Movies on DVD Review: Man on Wire



A wirewalking documentary.


Stars Philippe Petit. Directed by James Marsh.


“Man on Wire” is a look back at Philippe Petit and his accomplishment: wirewalking between New York’s (then) newly created Twin Towers on August 7, 1974. With the help of friends and contacts, he and his team pulled off what some have called “the greatest artistic crime of the century.”


Petit is a Frenchman who grew up to be a street juggler and wirewalker. One day while sitting in the dentist’s office he sees a picture of the proposed Towers and has a vision, a manifest destiny if you will, of walking between them (nevermind the fact that it hasn’t been built yet). From that point on his wirewalking career is taking steps toward achieving that goal. From wirewalking between the towers of Notre Dame to Australia’s Sydney Harbour Bridge, Petit daredevils and crosses the law as he builds up to his goal.


The movie flashes backwards and forwards, showing events in Petit’s life that influenced why he did what he did as well as portraying the wirewalk feat itself like a heist movie. From making scale models of the building tops to flying back and forth to the U.S. from France, to making fake IDs to get into the Towers, to evading guards and finally stringing the cable in the early hours of the morning amidst thick fog, this achievement was cut-out for him. Current day interviews are inter-cut with re-enactments of scenes, as well as original footage taken at the time.


So, how is the film? I thought it was alright. The back-and-forth-and-back editing got to me a little; sometimes telling the story forward is a better idea. The achievement was great, no doubt about that, but I wish the film would make it feel greater. It’s a worthy documentary, but winning an Academy Award may have been a bit much.


My grade: B-




Movie Review: Monsters vs. Aliens




Fun, cool, gimmicky little movie.


Starring (the voices of) Reese Witherspoon, Seth Rogen, Hugh Laurie, Will Arnett, Keifer Sutherland, Rainn Wilson, and Stephen Colbert. Directed by Rob Letterman and Conrad Vernon.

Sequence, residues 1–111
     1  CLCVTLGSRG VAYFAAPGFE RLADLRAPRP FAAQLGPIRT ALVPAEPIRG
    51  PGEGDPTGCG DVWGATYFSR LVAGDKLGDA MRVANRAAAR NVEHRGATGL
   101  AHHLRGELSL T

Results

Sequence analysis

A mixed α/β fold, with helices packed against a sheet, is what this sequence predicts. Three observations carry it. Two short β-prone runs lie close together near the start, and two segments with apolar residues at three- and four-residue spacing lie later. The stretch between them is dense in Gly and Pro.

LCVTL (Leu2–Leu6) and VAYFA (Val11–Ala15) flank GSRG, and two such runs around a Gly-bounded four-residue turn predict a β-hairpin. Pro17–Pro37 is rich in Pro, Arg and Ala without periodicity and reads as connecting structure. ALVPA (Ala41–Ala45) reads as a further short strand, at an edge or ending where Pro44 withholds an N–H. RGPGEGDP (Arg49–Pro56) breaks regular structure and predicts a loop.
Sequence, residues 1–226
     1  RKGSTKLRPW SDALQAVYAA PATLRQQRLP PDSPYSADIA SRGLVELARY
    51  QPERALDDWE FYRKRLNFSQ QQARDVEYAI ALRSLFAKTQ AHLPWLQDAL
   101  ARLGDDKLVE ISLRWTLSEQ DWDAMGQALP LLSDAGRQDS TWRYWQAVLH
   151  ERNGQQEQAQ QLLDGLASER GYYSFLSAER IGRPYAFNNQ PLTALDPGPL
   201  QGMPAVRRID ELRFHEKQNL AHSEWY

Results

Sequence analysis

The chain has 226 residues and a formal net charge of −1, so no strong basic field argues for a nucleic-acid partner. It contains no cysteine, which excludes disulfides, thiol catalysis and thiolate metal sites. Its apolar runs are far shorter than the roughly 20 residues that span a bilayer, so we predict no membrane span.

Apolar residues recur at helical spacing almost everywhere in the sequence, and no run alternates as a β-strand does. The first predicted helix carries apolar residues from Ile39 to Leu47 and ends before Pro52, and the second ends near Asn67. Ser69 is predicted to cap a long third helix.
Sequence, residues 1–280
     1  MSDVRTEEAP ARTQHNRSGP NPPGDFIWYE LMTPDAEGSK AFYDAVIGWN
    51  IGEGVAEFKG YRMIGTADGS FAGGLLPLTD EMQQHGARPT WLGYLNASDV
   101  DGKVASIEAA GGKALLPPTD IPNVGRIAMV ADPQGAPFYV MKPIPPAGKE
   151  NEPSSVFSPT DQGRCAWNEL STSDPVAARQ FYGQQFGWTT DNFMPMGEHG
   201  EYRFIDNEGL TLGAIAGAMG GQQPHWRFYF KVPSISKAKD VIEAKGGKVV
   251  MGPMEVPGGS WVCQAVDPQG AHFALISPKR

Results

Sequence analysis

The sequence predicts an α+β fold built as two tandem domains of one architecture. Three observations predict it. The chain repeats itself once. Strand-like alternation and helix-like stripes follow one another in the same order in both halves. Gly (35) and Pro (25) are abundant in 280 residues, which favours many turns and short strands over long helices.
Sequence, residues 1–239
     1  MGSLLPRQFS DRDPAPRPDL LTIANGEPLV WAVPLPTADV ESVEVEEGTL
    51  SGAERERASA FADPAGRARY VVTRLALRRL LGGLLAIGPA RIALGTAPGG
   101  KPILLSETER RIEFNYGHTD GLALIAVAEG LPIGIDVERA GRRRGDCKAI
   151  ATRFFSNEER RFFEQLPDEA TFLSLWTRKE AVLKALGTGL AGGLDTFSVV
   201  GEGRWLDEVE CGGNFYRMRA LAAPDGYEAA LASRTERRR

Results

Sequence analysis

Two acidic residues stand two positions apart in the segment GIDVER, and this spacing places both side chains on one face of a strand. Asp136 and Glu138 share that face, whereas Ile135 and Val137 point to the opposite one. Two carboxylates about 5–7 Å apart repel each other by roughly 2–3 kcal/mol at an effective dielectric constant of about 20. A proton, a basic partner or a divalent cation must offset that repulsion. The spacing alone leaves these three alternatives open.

Story: Susan Murphy (Witherspoon) is getting married and couldn’t be happier. The groom is Derek Dietl (Paul Rudd), a TV weatherman for a station in Modesto, CA. When a meteorite containing Quantonium (the most powerful substance known in the universe) heads to Earth it lands on Susan. She escapes from underneath it, dusts herself off, and returns to the wedding. During the nuptials she grows to 49’11” tall and is immediately captured by the government.


She awakes to find herself in a gigantic prison. She meets her captor General W.R. Monger (Sutherland), a man whose mission has been to capture all the “monsters” that he can. Her monster friends are Dr. Cockroach, PhD. (Laurie), a genius who made a machine that was supposed to give humans cockroach features but instead turned the upper half of his body into a human/cockroach hybrid; B.O.B. (Rogen), a former tomato injected with a secret serum that made him the brainless mass of jelly he is; Insectosaurus, a grub worm that grew to gigantic size via the nuclear explosion on the island he was living on; and The Missing Link (Arnett), a half fish/half human that’s been around for 20,000 years and was caught terrorizing Cocoa Beach.


When a giant metal alien probe lands in the San Fran area the President (Colbert) heads up the envoy to greet it. After a musical interlude (which references “Close Encounters” and includes the “Axle F theme”) irritates the probe it –of course- retaliates, which then leads the President to call for retaliation. Realizing that the alien probe could cause massive damage General W.R. Monger steps in and offers… “Monsters.” It’s now up to Susan (renamed Ginormica), B.O.B., Dr. Cockroach, The Missing Link, and Insectosaurus to save the day, which they do.


When Gallaxhar (Rainn Wilson), a squid-based alien, finds the probe has been destroyed he targets Earth. In the meantime the monsters have done their duty and are released. Susan finds that her groom-to-be is a shallow, self-centered twit and is better off without him. When Gallaxhar makes it to Earth he sends a greeting reminiscent of the aliens from “Mars Attacks!” (“My name is Gallaxhar. I come in peace. I mean you no harm. Hand over your planet or you shall die…”) Gallaxhar abducts Susan because she is infused with Quantonium and it’s up to the other monsters to form together to save her and the planet.


I liked it. Before going to see the movie I read through other critic reviews citing that the movie wasn’t “Shrek,” or anything like “The Incredibles” or “Monsters, Inc.” And that’s true. This movie is based more on action sequences than those movies. It’s not as witty as it could have been or that the trailers and TV spots may have led you to believe, but that doesn’t mean it’s a bad movie. It’s enjoyable and probably more “grown up” than “Shrek” or some of the other CGI animated movies are. I got to see this in IMAX 3-D, which did make it sort of gimmicky with some of the scenes (a rubber paddle-ball coming at you, a hand reaching toward you, flying through outer space, etc.) This shouldn’t affect watching the movie because a majority of it feels 2-D anyway.